Op-Ed: On Easter, remembering that light overcomes darkness

By Rev. Ashlee Wiest-Laird, Special to the Gazette

Easter always begins in darkness.

The women who were with Jesus had seen their friend and teacher tortured and killed. They watched as his lifeless body was placed in the cold tomb; then they went home and waited in despair for the Sabbath to end.  Having prepared spices and oils to anoint Jesus’ body, they set out for his grave as soon as sun had given way to shadow.  How fearful they must have been. Surely this wasn’t real. Surely Jesus, the one they loved and in whom they hoped, had not been crucified like a criminal. Why had God abandoned him? Had God abandoned them all?

Easter always begins in darkness.

In the despair of our lives when we ask, “Why, God, why?”

When the diagnosis is cancer or the grief tears us apart.

When our fears consume us or loneliness haunts.

When trust is betrayed and hope forgotten.

In the desolation of our world when we cry out, “God, have you forsaken us?”

When violence and abuse steals the joy from our children.

When greed and prejudice divide and conquer.

When oppression and injustice destroy lives and dreams.

Easter always begins in darkness, when the way ahead is shrouded with fear and uncertainty.

The women were terrified when they saw the empty tomb. There was no guarantee it meant anything but that insult had been added to injury. But in that moment the messengers of God called Jesus’ followers to remember his words and promises. Remember how he said he would die and rise again? Remember how he taught that the God of Creation was also the God of liberation, the God of love and hope?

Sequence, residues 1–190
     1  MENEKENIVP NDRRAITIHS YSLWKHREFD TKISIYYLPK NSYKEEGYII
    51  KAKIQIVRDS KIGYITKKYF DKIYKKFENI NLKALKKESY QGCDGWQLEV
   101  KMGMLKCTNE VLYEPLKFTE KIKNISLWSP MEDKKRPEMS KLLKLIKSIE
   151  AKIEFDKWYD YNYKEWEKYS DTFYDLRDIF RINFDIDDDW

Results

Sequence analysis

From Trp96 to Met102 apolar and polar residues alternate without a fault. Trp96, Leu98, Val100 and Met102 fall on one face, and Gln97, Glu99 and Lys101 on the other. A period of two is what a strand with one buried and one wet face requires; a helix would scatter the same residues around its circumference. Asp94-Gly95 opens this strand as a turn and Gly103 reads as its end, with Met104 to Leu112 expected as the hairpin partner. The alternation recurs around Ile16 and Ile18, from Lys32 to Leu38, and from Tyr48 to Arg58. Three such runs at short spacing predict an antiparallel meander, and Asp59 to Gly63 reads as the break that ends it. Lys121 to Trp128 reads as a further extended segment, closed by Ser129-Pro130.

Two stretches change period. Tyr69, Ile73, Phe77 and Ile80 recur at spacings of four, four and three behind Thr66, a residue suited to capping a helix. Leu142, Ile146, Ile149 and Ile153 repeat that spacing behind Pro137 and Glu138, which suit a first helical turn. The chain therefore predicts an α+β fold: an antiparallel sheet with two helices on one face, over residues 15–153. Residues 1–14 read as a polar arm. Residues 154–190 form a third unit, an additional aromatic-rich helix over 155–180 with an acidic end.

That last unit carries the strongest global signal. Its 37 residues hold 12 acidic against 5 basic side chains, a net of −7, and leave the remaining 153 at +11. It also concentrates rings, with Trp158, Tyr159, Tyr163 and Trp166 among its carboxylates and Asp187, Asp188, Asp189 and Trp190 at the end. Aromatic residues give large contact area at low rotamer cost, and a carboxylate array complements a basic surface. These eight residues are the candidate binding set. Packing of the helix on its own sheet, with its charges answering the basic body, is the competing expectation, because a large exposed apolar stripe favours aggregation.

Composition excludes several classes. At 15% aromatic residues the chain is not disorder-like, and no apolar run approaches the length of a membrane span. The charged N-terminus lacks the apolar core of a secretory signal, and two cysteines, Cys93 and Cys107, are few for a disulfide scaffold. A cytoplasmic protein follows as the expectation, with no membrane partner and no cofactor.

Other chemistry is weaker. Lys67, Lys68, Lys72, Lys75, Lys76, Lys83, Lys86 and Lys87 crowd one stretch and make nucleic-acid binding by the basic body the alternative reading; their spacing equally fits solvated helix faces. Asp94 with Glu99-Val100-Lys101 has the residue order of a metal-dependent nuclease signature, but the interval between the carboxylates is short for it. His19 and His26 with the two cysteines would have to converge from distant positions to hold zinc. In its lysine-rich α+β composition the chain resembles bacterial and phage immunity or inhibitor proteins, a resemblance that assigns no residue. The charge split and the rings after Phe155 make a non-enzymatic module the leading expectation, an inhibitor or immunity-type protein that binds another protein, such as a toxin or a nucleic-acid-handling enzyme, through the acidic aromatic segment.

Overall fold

Easter may always begin in darkness, but it is in the darkness that we are called to remember—to remember what has brought us this far. And so, to refresh our short-lived memories, we bring forth symbols of our faith that remind us who we are.

The Hebrew people celebrated the Passover meal to stir their devotion to the God of deliverance. We still share the bread and the cup—remembering God’s open invitation to all who need “good news.”

We touch the water and recall our baptism—remembering the conviction and commitment that started us on this spiritual journey.

We lift high the cross and think of Good Friday—remembering that if we follow Jesus, we are not immune to suffering, but rather find ourselves more vulnerable.

We light a candle and proclaim that Christ leads us into the light—remembering that the light shines in the darkness and that the darkness cannot put it out.

While Easter always begins in darkness, it never fails to carry us through memory to utter amazement.

The women remembered and believed, but when they told the story to the other disciples, it seemed impossible, ridiculous. Who would have possibly believed it? Resurrection? Who could believe it still? There is too much evil in the world, too much that’s random, senseless, painful. Why should we believe? But Peter ran to the tomb anyway. He saw that it was empty. Perhaps it was true after all…

Darkness overcome by Light.

Despair conquered by Hope.

Fear displaced by Love.

Death swallowed up by Life.

And as the Sun began to rise on the horizon, Peter stood there, amazed. By the grace of God, may we, too, remember and believe.

Rev. Ashlee Wiest-Laird is the pastor of First Baptist Church in Jamaica Plain.

Leave a Reply

Your email address will not be published. Required fields are marked *